German Late Romantic composer Walter Braunfels [1882–1954] wrote three string quartets. Strangely, the first was written in 1944 and the third in 1947, all three being composed while Braunfels was well into his sixties. I feel that these pieces do not sit quite into the Late Romantic style – they definitely have a certain twentieth century quality, especially as they progress – so much for labels. I am going to examine the First String Quartet, which is the most conservative.
A violin opens the work with a questioning melodic motif that is quickly taken up by the ensemble. A rapid descending run from the violin leads into an elegant conversational passage, with the cello prominent. Now a bubbling tempo is established and the violins prevail. A solo cello statement invokes a change, which is reminiscent of the opening. Slowly the music becomes tempestuous and a repeat of the earlier descending run adds to the drama. Now the cello drives the accompaniment as the music works through several harmonic changes – the mood is positive with a touch of pizzicato. A new, rhythmic feeling unfolds, slightly serious, leading to an end on a minor chord.
The second, slow movement, begins with a rich layer of chords, and a sombre melody. The violin laments over a sparse background, with interest being provided by the second violin occasionally interjecting a complementary phrase. The low intensity drops even further, bringing a wonderful feeling of sparsity. Now a solo cello passage initiates a new mood with the violin rising in intensity and the ensemble following. This is again, slightly tempestuous, but it doesn’t last. Simple violin melodies intertwine and a measured cello has its say. The sparsity returns with the cello leading the music to a peaceful place, where the violin finishes on a shrill note.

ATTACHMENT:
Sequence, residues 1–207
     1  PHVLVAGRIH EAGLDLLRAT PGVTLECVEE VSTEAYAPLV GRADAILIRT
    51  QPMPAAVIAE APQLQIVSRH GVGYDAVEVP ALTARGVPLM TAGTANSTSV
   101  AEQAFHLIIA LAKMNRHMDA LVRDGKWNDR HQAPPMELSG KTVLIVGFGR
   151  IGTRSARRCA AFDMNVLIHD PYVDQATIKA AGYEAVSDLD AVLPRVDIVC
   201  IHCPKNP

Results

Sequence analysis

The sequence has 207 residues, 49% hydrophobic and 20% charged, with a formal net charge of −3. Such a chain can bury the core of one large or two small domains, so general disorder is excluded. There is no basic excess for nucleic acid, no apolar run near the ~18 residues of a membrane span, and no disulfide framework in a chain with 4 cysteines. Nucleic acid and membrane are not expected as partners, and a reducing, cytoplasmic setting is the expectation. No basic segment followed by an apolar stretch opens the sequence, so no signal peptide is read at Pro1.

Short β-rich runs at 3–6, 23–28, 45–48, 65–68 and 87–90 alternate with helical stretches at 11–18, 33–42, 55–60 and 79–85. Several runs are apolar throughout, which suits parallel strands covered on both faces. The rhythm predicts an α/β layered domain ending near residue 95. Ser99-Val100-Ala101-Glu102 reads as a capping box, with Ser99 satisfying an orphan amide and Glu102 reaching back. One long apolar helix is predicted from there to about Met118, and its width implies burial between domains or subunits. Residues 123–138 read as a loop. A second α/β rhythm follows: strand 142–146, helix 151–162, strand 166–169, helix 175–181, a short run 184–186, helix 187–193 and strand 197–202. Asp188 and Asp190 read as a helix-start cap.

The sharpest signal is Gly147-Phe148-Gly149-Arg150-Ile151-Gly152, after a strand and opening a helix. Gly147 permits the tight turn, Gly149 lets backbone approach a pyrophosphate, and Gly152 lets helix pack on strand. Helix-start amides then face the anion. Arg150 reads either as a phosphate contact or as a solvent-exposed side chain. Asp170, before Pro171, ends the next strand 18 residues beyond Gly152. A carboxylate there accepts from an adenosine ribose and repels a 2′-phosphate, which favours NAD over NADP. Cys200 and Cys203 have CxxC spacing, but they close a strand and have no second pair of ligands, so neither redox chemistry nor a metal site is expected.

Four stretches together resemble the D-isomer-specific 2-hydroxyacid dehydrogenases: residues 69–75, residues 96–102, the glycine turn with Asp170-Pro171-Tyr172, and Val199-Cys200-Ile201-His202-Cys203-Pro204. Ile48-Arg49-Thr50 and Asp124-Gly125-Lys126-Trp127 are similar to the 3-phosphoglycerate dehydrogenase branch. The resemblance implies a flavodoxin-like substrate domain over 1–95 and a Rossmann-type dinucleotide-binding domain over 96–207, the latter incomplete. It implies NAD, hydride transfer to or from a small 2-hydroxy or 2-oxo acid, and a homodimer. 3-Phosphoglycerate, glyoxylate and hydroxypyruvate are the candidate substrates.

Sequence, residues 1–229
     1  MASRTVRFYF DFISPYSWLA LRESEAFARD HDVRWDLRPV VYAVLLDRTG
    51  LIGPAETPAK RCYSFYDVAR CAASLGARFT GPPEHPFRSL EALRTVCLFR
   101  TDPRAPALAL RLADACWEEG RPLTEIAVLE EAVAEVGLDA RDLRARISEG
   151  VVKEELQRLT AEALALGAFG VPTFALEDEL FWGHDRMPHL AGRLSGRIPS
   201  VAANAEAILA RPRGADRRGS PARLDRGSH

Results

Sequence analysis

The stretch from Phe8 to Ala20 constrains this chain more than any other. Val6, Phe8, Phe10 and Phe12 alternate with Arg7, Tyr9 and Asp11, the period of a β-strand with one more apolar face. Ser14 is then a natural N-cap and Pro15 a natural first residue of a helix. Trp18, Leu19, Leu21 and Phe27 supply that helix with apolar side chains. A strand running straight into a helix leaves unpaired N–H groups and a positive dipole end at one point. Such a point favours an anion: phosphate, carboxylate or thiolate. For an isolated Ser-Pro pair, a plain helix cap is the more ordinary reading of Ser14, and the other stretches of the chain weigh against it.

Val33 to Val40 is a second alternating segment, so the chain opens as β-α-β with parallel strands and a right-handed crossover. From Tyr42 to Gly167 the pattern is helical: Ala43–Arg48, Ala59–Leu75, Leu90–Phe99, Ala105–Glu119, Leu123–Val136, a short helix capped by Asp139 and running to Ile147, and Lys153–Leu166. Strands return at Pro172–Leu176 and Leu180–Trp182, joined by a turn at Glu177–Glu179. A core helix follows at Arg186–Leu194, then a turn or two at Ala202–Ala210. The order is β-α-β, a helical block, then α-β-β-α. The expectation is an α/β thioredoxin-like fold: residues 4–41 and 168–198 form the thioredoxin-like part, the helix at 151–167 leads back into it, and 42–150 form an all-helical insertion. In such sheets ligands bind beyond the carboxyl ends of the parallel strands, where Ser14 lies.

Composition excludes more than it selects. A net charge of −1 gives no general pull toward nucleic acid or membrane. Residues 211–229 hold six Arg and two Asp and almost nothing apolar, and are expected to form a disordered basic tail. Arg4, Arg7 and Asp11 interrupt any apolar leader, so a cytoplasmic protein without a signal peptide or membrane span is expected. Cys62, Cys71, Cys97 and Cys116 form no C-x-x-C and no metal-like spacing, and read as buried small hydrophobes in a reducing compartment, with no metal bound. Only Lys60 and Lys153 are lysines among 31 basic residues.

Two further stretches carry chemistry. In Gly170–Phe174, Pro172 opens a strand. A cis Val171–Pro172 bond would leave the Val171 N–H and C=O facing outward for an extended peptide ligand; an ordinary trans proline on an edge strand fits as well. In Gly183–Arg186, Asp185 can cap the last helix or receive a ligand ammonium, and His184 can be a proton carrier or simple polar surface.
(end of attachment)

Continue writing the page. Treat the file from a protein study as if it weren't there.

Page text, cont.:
The third movement again commences with a questioning motif which is repeated and developed by the ensemble, at varying tempos. The music eventually settles into a lilting mood, with the questioning motif being passed around among all instruments. This motif has dominated the movement thus far – it’s as if every section alludes to it. An extended solo cello passage develops into a race with the violins really pushing the tempo. The feeling is then moderated and new melodies begin to emerge. A solo cello passage reinvokes the question again and variations continue to be built at various tempos. The mood continues to be positive but, for me, the repeated motif has outstayed its welcome. The cello-violin race is repeated and leads to the end which, you guessed it, is the motif one more time.
The final movement, marked allegro, has a bright quality which is rather attractive. Lyrical violins twist and turn as they pursue each other in a manner similar to children playing. A pause leads to a sense of urgency, and a rise in tempo. The violins develop variations on new melodies, sometimes bordering on the pensive. This extended passage features much interplay with the ensemble and is quite serious until the very end, which has a sense of warmth to it.
The review CD, titled Braunfels: String Quartets Nos. 1 & 2, performed by the Auryn Quartet is available from Amazon UK and Presto Classical. It is on Amazon US as a download only.
Listenability: Charming, early twentieth century works.